Prices include 15 per cent buyer’s fee.
Last week, Ottawa’s Sparks Auctions hosted a two-day, five-session sale with a range of material for “all budgets and collecting interests.”
Sparks Senior Describer Stéphane Cloutier, who’s also a national-level philatelic judge, said the highlights of Sale No. 21 are in its Canadian material, which includes “nice quality” classics, modern varieties, and a wide selection of postal history, which remains “very popular to our customers.” An “important” 125-lot consignment of Canada Admirals (Scott #104-140) was also featured in the sale, which took place May 25-26.
“There were some good, strong realizations,” added auctioneer and Sparks President Ian Kimmerly. “I’m happy with the results.”
One highlight in the Pence Issues (SC #1-13) section was Lot 3, a “rare and desirable” 1859-78 12-pence Queen Victoria “Scar” trial colour die proof (in deep vermilion) with a Unitrade catalogue value of $8,500. It realized $6,440.
Another Pence Issue highlight was Lot 27, a “very nice” 1859 10-cent black brown Consort (SC #16). This unused (no gum) stamp with “lovely colour and intact perforations” was accompanied by a 2000 Greene Foundation certificate and a Unitrade catalogue value of $8,000. It realized $5,060.
Moving on to the Numeral Issues (SC #74-84), there was Lot 95, an 1898 one-cent to 20-cent Queen Victoria (SC #74P-84P) plate proof set in upper marginal blocks of four. This “fresh and very fine” lot on card-mounted India paper has a Unitrade catalogue value of $16,000. It realized $9,200.
Another highlight was Lot 99, an 1899 two-cent carmine Queen Victoria Numeral (SC #77) with a Unitrade catalogue value of $270. This “mint never hinged, quite fresh” example was accompanied by a 2015 Greene Foundation certificate and realized $575.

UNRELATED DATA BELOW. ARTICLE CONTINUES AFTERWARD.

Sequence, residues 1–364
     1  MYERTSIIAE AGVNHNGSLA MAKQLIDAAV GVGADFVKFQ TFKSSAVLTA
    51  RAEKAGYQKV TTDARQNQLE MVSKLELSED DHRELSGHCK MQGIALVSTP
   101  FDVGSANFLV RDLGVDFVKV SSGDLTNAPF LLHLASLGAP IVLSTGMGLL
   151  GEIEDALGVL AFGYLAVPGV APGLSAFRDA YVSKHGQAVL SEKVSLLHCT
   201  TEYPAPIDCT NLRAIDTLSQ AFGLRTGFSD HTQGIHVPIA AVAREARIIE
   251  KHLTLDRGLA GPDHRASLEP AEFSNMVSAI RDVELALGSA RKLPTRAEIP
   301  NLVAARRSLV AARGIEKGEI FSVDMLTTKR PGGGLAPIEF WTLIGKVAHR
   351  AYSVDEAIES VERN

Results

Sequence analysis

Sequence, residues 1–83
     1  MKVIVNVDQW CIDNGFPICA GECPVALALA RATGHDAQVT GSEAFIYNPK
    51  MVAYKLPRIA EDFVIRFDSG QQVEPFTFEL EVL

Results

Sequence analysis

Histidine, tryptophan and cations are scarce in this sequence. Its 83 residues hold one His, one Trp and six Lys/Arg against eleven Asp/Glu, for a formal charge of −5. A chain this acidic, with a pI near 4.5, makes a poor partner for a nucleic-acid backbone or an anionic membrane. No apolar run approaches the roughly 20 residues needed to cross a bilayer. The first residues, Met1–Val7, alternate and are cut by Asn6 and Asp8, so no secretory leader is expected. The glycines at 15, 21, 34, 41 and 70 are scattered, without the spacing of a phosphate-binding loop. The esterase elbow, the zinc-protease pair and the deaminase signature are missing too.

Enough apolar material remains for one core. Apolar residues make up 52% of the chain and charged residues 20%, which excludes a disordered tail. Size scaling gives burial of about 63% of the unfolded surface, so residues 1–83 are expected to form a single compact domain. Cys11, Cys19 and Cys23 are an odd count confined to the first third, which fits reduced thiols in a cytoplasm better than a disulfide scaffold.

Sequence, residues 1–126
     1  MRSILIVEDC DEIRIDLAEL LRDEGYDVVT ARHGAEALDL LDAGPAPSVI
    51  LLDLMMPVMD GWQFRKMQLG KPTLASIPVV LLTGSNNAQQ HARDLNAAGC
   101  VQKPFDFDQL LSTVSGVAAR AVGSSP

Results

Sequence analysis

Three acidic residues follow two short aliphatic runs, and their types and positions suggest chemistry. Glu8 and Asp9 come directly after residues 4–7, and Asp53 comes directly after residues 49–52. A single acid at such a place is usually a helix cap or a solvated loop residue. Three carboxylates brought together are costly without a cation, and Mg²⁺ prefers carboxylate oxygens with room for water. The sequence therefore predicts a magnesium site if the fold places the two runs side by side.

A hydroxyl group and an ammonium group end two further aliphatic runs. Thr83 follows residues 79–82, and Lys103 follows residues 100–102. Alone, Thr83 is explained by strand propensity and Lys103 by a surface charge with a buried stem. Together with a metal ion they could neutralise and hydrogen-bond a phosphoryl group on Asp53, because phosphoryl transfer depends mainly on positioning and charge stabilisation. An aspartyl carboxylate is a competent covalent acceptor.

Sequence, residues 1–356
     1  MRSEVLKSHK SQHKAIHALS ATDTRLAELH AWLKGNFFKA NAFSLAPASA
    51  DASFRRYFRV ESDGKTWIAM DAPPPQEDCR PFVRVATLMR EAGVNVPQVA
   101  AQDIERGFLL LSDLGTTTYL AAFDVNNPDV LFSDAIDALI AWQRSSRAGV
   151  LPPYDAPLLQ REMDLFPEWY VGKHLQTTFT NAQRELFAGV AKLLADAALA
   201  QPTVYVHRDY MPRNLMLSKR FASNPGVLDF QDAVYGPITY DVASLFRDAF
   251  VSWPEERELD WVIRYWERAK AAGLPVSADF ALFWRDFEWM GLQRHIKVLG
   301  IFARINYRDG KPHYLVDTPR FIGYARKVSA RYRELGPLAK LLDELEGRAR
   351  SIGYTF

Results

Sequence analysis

As an interesting aside, Kimmerly said one of the sale’s consignors acquired and handful of interesting material (Lots 113, 120-125, 399) from an antique dealer for only $20.
The first, Lot 113, included two matching engravings of British Army General James Wolfe and French Commander Louis-Joseph de Montcalm, the latter with the inscription “MONTCALM”. The Wolfe engraving measure 86 mm x 90 mm and the Montcalm engraving measure 86 mm x 96 mm. This “lovely addition to a Québec Tercentenary collection” realized $184 after a pre-sale estimate of $100.
The remainder of these lots (Lots 120-125, 399) included a series of Canada die proofs that earned the consignor a very nice return on his original $20 investment.
“For the least interesting, we got an average of $55,” said Kimmerly, of the prices realized by the die proofs.
However, the more interesting lots told a different story as they crossed the auction block.
Lot 399, an unnumbered die proof produced by the British North America Bank Note Company, depicts the famous image of the Newfoundland dog based on the painting by Sir Edwin Landseer and found on a number of Newfoundland stamps and banknotes.
“We got a hammer price of $750 [$862.50 with buyer’s premium],” said Kimmerly, who added the lot had a pre-sale estimate of $400. “So he has turned $20 into nearly $1,000—not bad at all.”
Rounding out the Canadian highlights was a pair of modern errors issued last year.
Both Lots 293 and 294 offered souvenir sheets of five stamps, one of which is the sought-after hoodoo stamp that erroneously depicts rock formations from East Coulee, Alta., rather than Dinosaur Provincial Park. Canada Post recalled the booklets and souvenir sheets, making for a desirable collectible.
“The decision to recall stocks and cancel customers’ standing mail orders guarantees the flub version will be listed at a much higher price in catalogues than its replacement,” wrote CSN managing editor Ian Robertson last summer, following the recall.
Both lots realized $184 after pre-sale estimates of $120.
“Both lots were bid up to $160—exactly the same price,” said Kimmerly, who added the same error sheet realized about $120 in previous Sparks sales. “The fact we had two lots built up to exactly the same amount shows we had a lot of bidding – and there is a lot of bidding on them – and the prices have held up.”
For more information on Sparks Auction No. 21, click here.
“The next auction is in September, and we already have wonderful material,” said Kimmerly, who wrote a weekly stamp column for the Ottawa Citizen and Globe and Mail for more than 14 years from 1976-91. “It’ll be a good, strong sale.”
To learn more about Sparks Auctions, visit sparks-auctions.com.